I’ve always maintained that the work I do is pretty good at treating cervical disc herniation. Now it seems, once again, I was right. This is all set out in study snappily called:
‘Outcomes from Magnetic Resonance Imaging-Confirmed Symptomatic Cervical Disk Herniation Patients Treated with High-Velocity, Low-Amplitude Spinal Manipulative Therapy: A Prospective Cohort Study With 3-Month Follow-Up.’
In it, scientists looked at how a (small) sample responded to chiropractic spinal manipulation for problems associated with neck disc herniation. (Note the US spelling of disc – disk. helpful, eh?)
A cervical disc herniation can lead to compression of the nerves as they leave the spinal cord in the neck. Typically, this involves the C6 and C7 nerve roots. This can cause severe, unrelenting, pain. However, more commonly, it causes pins and needles (paresthesia) usually down a dermatome. It can also lead to weakness of the muscles innervated by that nerve. This is called a cervical radiculopathy if it happens in the neck. This is caused by a disc bulge compressing or irritating the nerve. However, a degenerative spondylosis (bone growth in response to wear and tear) can also cause similar pain. And, helpfully, this can also happen as a combination of these two!
How common is this?
Now, this happens a fair bit. 83.2 out of every 100 000 people suffer from a painful compression of a cervical nerve root.
Usually, these patients are treated with lifestyle changes, activity modifications, pain medications, physical therapy, epidural injections and sometimes spinal manipulative therapy (SMT). This is touched on elsewhere, such as here in this article describing disc bulges. But currently, research does not show sufficient evidence to advocate the use of manipulation as a therapeutic modality. In spite of this, many practitioners use our experience and best clinical judgement to help patients with cervical disc herniation.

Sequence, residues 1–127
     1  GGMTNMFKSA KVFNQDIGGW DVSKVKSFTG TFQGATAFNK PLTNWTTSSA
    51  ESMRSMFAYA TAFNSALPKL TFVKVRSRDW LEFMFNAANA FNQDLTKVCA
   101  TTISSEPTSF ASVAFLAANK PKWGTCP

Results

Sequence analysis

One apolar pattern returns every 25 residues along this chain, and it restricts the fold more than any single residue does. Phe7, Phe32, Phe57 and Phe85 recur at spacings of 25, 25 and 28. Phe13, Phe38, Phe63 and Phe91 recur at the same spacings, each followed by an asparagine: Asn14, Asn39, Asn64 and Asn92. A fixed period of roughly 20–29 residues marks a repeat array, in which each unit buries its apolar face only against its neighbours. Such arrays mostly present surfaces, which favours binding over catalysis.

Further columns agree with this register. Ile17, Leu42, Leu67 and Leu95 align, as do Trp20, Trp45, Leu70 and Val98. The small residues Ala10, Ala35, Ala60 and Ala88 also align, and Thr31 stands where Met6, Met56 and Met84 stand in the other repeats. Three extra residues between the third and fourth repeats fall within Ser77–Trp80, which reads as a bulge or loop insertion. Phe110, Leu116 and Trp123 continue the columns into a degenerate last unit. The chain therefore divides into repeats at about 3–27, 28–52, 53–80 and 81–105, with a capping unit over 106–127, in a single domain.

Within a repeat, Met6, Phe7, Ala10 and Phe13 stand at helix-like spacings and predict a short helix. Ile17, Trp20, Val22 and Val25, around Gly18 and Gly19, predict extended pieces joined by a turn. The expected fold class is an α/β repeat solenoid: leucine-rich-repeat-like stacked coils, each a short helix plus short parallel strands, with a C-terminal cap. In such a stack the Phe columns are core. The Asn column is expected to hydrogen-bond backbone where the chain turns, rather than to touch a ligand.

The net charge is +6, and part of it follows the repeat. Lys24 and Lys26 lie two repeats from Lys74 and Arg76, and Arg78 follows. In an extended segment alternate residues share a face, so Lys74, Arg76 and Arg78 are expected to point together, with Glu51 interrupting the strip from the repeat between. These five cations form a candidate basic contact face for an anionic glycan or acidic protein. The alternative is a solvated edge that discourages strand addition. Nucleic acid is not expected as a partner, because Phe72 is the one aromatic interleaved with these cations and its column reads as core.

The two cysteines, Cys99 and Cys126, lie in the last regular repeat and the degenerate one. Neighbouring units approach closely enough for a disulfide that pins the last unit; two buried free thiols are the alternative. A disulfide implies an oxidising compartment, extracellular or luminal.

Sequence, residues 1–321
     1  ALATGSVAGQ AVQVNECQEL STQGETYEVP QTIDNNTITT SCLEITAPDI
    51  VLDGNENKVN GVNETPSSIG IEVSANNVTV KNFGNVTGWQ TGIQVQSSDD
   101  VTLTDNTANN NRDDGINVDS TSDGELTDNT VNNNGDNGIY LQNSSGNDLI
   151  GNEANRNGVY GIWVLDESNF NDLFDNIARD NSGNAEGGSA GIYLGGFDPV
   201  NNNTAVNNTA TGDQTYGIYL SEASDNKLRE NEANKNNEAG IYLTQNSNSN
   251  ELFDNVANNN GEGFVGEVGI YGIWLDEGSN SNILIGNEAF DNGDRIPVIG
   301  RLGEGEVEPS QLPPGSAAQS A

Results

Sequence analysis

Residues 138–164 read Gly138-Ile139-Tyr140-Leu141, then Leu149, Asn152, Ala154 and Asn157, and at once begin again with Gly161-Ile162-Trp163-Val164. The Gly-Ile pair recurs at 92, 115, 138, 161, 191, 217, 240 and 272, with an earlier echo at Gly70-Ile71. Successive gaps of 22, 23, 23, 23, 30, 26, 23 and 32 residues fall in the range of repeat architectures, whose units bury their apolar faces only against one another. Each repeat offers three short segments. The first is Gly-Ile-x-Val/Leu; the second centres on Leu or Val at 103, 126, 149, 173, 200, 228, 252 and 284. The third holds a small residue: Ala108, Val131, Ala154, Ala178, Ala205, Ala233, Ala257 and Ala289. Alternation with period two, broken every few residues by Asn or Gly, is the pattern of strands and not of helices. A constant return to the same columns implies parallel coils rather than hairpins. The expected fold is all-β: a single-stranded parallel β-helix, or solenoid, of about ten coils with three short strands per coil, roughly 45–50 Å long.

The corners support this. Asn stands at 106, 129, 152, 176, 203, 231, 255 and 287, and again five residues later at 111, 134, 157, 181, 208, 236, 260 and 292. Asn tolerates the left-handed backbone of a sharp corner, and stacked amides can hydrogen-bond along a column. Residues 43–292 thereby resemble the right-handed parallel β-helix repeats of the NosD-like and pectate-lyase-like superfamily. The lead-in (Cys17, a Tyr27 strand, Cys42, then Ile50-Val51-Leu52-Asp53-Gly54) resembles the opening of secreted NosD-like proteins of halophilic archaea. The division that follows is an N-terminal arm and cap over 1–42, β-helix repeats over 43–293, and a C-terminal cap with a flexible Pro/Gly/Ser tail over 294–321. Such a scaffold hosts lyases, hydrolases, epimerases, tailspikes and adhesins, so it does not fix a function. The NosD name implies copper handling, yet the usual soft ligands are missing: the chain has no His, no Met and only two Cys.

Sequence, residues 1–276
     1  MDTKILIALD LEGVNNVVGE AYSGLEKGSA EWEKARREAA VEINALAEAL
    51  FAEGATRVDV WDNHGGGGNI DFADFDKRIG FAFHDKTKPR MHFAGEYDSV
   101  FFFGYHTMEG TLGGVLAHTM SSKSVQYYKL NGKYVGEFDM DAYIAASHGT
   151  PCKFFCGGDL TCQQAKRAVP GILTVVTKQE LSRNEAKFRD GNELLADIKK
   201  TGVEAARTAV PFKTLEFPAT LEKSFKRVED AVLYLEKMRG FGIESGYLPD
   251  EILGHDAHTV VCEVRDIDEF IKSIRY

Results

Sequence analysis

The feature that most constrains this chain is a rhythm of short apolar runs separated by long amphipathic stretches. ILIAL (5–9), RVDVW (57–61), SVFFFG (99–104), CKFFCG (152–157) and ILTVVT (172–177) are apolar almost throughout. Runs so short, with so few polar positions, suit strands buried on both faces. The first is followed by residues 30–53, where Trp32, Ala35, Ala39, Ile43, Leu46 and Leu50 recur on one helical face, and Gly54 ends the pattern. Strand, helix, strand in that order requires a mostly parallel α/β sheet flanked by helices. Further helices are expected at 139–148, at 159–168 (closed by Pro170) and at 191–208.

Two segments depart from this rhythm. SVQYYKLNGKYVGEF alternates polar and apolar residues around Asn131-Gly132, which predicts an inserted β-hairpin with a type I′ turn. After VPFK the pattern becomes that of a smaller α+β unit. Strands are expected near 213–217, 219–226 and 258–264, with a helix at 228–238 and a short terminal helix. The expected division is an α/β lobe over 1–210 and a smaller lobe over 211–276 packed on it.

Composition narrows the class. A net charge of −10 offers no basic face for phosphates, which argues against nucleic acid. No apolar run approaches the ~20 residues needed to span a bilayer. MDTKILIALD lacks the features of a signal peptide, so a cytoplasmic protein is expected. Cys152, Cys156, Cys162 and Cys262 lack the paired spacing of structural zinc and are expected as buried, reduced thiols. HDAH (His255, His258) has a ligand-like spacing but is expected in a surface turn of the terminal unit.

So, the purpose of this study was to investigate the clinical outcomes in patients suffering from cervical radiculopathy after a course of care using chiropractic spinal manipulation. Most of the patients had a gold-standard MRI-proven disc herniation. Pleasingly, they reported clinically significant improvement at all selected data points, especially at the 3 months point.
The findings were:
- Two weeks after the first treatment, 55.3% of all patients reported that they had significantly improved. At this point, no one reported worsening of their symptoms.
- At 1 month after the first treatment, 68.9% of individuals were significantly improved. Only one patient reported being slightly worse (one patient in the subacute/chronic group).
- By 3 months, this figure rose to 85.7% of patients noting significant improvement.
- In general, acute patients reported faster improvement compared to those who were included in the subacute or chronic group.
- However, 3 months after the first treatment, 76.2% of the subacute/chronic patients reported clinically relevant improvement. None of these patients reporting they were worse.
- The acute patients reported statistically significant reductions in their neck and arm pain measured at all 3 data points.
It is important to note that even the subacute/chronic sufferers showed clinically significant improvement. This is an important result to report. These patients that are often the most costly to the healthcare system and they are having the most wretched time.
So, if you are suffering please give us a call and let’s start to get you going again.